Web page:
Switzerland and Austria, again two countries hosted UEFA Euro 2008 where Spain defeated Germany by 1-0 in the final to become the champion.

Finally 2012! This year Ukraine and Poland will host the tournament where 16 teams are participating from four groups, each group having four teams. Czech Republic, Greece, Poland and Russia are from Group A, Denmark, Germany, Portugal and Holland are from Group B, Croatia, Spain, Italy and Ireland are from Group C and England, France, Sweden and Ukraine are from Group D. This exciting tournament will start on June 8, 2012 and will continue till July 1, 2012.

 

Recently the growing Euro concerns are being shifted towards Spain, and rightfully so. When you take into consideration that Spain's economy is twice the size of Greece, Portugal, and Ireland combined, it's becomes clear why it is a serious concern for the EU. Spain's financial crisis is arguably more of a question of morality than a true financial crisis, at least not yet.

Spain's bank concerns center around BFA-Bankia, which was formed in 2010 as a merger from 7 struggling savings banks. When Bankia's market value plummeted by 43%, it was nationalized by Spain on May 9th 2012. Today, the bank's assets are equal to 1/3 of the county's assets. To protect this interest, just recently Spain was given $120 billion Euros as an economic stimulus in order to try and recapitalize their banking system. Unfortunately, this is the least of Spain's problems and the aid of additional funds is likely to throw Spain further in the red down the road; and seemingly sooner than later. Many professionals believe that artificial growth is today's true culprit in Spain's financial crisis.

Since the fall of the housing peak in 2007, Spain has approached its foreclosure crisis quite differently. In order to protect the values of the 329,000 properties that were in foreclosure, Spain offered 100% financing with many loans going as interest only loans. This financing model is only available to bank owned properties, and to no one else. This has caused the home values in Spain to drop by only 22% according to Mr. Encinar, CEO of Idealista.com (a Spanish property website), whereas values in Ireland have dropped by over 60% since their peak in 2007. Mr. Encinar speculates that the decline in housing values without artificial support (the 100% financing) would be at least twice what it is today.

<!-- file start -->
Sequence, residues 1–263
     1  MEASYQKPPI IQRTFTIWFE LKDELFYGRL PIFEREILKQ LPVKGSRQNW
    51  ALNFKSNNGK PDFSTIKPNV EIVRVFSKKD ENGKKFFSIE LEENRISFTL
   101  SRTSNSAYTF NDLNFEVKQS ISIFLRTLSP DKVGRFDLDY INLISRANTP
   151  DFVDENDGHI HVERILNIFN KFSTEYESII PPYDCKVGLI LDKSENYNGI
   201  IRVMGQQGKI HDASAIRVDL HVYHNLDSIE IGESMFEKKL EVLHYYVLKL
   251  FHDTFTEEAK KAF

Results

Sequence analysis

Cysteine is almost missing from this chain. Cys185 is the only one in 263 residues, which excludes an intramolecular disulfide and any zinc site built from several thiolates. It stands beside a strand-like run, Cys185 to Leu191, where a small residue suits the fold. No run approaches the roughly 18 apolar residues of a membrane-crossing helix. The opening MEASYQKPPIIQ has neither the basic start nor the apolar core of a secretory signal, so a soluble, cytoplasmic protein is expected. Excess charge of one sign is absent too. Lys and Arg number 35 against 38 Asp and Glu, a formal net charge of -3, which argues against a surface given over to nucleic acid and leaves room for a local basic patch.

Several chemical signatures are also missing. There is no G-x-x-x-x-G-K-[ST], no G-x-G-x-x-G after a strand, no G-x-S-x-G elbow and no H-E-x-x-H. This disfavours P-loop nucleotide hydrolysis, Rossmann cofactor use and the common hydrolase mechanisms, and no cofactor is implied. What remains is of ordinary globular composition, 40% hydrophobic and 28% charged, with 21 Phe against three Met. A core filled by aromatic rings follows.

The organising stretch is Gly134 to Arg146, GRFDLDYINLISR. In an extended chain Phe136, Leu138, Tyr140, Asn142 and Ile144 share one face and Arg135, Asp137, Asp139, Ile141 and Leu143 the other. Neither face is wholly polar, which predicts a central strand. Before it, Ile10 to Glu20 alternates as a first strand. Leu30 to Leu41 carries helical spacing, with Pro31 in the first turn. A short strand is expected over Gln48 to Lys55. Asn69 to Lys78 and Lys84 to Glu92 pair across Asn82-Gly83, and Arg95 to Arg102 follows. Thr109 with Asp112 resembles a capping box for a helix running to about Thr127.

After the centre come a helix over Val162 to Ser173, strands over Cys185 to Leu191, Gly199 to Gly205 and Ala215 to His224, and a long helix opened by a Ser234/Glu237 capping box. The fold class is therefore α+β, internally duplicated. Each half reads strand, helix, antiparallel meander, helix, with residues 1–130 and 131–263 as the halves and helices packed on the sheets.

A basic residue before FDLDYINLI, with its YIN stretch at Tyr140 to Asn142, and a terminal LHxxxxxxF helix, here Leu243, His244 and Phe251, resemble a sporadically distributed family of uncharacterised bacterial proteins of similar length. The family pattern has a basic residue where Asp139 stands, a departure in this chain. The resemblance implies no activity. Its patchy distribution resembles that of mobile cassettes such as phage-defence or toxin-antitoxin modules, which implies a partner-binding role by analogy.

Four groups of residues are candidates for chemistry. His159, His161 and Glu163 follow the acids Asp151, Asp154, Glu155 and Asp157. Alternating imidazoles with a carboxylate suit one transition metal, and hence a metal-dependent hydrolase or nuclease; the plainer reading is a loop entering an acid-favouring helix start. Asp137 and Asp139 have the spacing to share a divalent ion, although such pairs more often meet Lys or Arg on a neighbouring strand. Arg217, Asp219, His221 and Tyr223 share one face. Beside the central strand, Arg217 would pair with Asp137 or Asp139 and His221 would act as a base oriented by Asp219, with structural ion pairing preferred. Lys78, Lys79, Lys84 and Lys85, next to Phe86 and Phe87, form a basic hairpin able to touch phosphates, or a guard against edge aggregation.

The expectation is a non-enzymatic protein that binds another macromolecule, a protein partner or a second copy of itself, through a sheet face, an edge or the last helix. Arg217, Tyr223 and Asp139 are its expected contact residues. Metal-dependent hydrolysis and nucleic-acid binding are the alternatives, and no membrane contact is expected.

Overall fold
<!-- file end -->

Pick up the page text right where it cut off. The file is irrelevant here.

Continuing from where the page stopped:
The construction industry in Spain is a different but equally shocking story. For years Spain has relied on home and office building as a source of growth, as it is feared that without this growth the country may have too much of an uphill battle. Builders in Spain are continuing to build despite a massive inventory of vacant homes. Spain is allowing this because construction accounted for more than 20% of their GDP at the height of the boom, and it is argued that Spain does not want to lose this momentum. According to Ruben Manso, an economist at consulting firm Mansolivar & IAX, "There has been a lot of cheating going on where banks have lent developers new money, classed as new lending, so they can pay off their original loans". Old loans that should have triggered credit lines pulled were instead deemed as paid in good standing. These unscrupulous measures were put into place in order to keep prices artificially high, giving the illusion of a growing nation.

This artificial demand for pricing will not be able to continue with the high unemployment rate of 24%. As this process continues, their fiscal cliff gains more elevation day in and day out, which in turn will likely spur a devastating financial drop. "Spain has engaged in a policy of delay and pray. The problem hasn't been quantified by anyone because there is a huge pressure not to tell the truth" says Mikel Echavarren, CEO of Irea, a corporate finance company in Madrid specializing in the real estate industry.